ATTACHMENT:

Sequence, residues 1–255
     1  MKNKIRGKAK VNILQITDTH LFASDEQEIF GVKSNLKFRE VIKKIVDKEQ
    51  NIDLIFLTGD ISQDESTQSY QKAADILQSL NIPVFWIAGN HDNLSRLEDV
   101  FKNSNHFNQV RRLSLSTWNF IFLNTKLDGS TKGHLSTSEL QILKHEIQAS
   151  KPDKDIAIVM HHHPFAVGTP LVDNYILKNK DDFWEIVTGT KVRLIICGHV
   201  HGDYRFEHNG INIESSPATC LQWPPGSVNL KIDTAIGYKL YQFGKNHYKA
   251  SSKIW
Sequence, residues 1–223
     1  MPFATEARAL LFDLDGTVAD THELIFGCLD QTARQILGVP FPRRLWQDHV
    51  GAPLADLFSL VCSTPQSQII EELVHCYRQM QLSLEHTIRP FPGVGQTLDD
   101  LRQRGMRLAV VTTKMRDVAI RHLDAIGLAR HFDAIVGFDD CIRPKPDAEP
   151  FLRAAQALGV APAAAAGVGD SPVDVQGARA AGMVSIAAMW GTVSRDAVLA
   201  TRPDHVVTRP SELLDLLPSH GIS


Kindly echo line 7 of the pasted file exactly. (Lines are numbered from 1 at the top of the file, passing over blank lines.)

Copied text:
   251  SSKIW